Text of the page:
Comment: The California Air Resources Board (CARB) affirmed our proposal to apply previous voluntary reclassifications for selected nonattainment areas, with the exception of the Sacramento Metro area. As part of their comment, CARB forwarded a request from the Sacramento Air Quality Management District declining the voluntary reclassification for the Sacramento Metro area, which the District anticipated would be classified Start Printed Page 10380Moderate for the 2015 ozone NAAQS (see comment no. 100 in the rulemaking docket).

Response: Based on comments to the November 2016 proposal received from the state of California, the EPA also intends to apply previous voluntary reclassifications for five of the six California areas originally proposed. Table 1 presents the voluntary reclassification history for these areas across the 1997 and 2008 ozone NAAQS, and the anticipated initial classification and anticipated voluntary reclassification for each area under the 2015 ozone NAAQS. We intend to formally apply the previous voluntary reclassifications for these California areas in a separate action, along with the final nonattainment area designations for the 2015 ozone NAAQS.

Table 1—Areas for Which the State of California Requested a Voluntary Reclassification Under the 1997 Ozone NAAQS and Application Under Subsequent Ozone Standards

Nonattainment areaOriginal 1997 ozone NAAQS classification (attainment date)Voluntary reclassification for 1997 ozone NAAQS (attainment date)Voluntary reclassification for 2008 ozone NAAQS (attainment date)Hypothetical initial classification under 2015 ozone NAAQS a (attainment date)Anticipated voluntary reclassification under 2015 ozone NAAQS a (attainment date)
Los Angeles-South Coast Air BasinSevere—17 (2021)Extreme (2024)Extreme (2032)Severe—15 (2033)Extreme (2038).
San Joaquin ValleySerious (2013)Extreme (2024)Extreme (2032)Serious (2027)Extreme (2038).
Riverside County (Coachella Valley)Serious (2013)Severe—15 (2019)Severe—15 (2027)Moderate (2024)Severe—15 (2033).
Ventura CountyModerate (2010)Serious (2013)Serious (2021)Marginal (2021)Serious (2027).
Western MojaveModerate (2010)Severe—15 (2019)Severe—15 (2027)Moderate (2024)Severe—15 (2033).
a Based on adopted PATS classification thresholds and final 2014-2016 design values.

It is important to note that an air agency may request a voluntary reclassification for an area under CAA section 181(b)(3) at any time. In the November 2016 proposal, the EPA encouraged any air agency that wanted a specific higher classification to apply to an area at the time of initial designation to make such a request prior to or contemporaneous with the designation process. However, an air agency that determines it would like a voluntary reclassification after an area's initial designation may request, and the Administrator must approve, a higher classification for an area for any reason in accordance with CAA section 181(b)(3).

C. Final Action

The EPA is establishing nonattainment area classification thresholds for the 2015 ozone NAAQS using the PATS methodology applied previously to translate the CAA Table 1 thresholds for purposes of the 1997 and 2008 8-hour ozone NAAQS. We are also establishing maximum attainment dates for each nonattainment area classification, consistent with CAA Table 1 and the regulatory approach for both the 1997 and 2008 ozone NAAQS. Table 2 depicts the translation for each of the CAA Table 1 thresholds and corresponding maximum attainment dates for each area classification as they would apply for the 2015 ozone NAAQS.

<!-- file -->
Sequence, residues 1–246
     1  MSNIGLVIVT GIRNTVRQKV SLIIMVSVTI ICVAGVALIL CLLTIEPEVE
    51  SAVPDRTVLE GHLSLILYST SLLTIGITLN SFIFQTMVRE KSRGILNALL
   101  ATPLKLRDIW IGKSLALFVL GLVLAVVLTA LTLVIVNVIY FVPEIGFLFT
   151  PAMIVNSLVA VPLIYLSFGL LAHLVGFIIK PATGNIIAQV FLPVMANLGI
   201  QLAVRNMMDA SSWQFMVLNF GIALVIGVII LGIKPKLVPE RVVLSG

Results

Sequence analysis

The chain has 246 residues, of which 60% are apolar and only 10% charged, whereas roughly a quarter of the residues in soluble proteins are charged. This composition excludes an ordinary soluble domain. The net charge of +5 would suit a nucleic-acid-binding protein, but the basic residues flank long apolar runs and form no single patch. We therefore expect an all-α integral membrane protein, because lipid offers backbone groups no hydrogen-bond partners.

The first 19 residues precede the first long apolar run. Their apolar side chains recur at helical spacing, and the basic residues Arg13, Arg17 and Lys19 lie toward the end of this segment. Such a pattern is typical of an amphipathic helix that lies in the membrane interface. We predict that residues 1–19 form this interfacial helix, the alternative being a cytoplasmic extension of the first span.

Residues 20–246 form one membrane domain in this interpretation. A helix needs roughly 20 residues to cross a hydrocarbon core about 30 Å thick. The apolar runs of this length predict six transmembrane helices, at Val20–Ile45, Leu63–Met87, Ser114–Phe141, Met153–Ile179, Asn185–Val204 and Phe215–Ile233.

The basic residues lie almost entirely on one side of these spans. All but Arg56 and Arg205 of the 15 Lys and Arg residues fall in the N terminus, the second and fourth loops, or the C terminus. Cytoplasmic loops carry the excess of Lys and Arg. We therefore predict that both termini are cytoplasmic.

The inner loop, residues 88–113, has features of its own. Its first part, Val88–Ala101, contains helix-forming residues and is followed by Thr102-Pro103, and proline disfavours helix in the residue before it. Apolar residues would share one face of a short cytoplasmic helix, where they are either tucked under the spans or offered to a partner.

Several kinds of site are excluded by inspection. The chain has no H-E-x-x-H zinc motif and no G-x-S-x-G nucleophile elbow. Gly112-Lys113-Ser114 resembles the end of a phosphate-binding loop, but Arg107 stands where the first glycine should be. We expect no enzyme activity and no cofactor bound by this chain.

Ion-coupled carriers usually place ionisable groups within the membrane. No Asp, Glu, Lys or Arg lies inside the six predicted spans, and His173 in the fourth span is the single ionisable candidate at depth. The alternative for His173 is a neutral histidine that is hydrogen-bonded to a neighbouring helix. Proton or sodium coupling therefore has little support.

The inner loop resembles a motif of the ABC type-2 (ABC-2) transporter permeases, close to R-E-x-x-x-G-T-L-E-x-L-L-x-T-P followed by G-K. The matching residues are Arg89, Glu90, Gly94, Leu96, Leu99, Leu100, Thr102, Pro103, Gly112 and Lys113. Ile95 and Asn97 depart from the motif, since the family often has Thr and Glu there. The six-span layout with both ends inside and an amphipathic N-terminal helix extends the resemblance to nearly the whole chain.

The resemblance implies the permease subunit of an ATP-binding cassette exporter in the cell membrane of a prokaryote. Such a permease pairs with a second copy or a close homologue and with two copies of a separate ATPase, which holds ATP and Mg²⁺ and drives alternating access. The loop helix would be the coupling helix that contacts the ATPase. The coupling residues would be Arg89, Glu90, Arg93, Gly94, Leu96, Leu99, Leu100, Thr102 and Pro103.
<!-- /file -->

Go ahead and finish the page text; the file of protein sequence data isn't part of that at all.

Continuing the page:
Table 2—CAA Table 1 Ozone Design Value Translation to 8-Hour Design Values for the 2015 Ozone NAAQS of 0.070 ppmUsing PATS Methodology and Corresponding Maximum Attainment Dates for Each Area Classification

Area class1-hour ozone DV (ppm)Percent above 1-hour ozone NAAQS8-hour ozone DV (ppm)Maximum attainment date (years from effective date of designation)
MarginalFrom up to a0.121 0.1380.833 150.071 0.0813
ModerateFrom up to a0.138 0.16015 33.3330.081 0.0936
SeriousFrom up to a0.160 0.18033.333 500.093 0.1059
Severe—15From up to a0.180 0.19050 58.3330.105 0.11115
Severe—17From up to a.0190 0.28058.333 133.3330.111 0.16317
ExtremeEqual to or above0.280133.3330.16320
a But not including.

The EPA intends to apply voluntary reclassifications for five California areas in a separate action with the final nonattainment area designations for the 2015 ozone NAAQS, in accordance with comments received from relevant air agencies in California. The EPA is also finalizing a number of regulatory definitions needed to support the implementation of this final classifications rule.

IV. Environmental Justice Considerations

The EPA believes the human health or environmental risk addressed by this action will not have disproportionately high and adverse human health or Start Printed Page 10381environmental effects on minority, low-income, or indigenous populations because it would not negatively affect the level of protection provided to human health or the environment under the 2015 ozone NAAQS. When promulgated, these regulations will establish classification thresholds for the 2015 ozone NAAQS. These requirements are designed to protect all segments of the general population and, as such, will not adversely affect the health or safety of minority, low-income or indigenous populations.

V. Statutory and Executive Order Reviews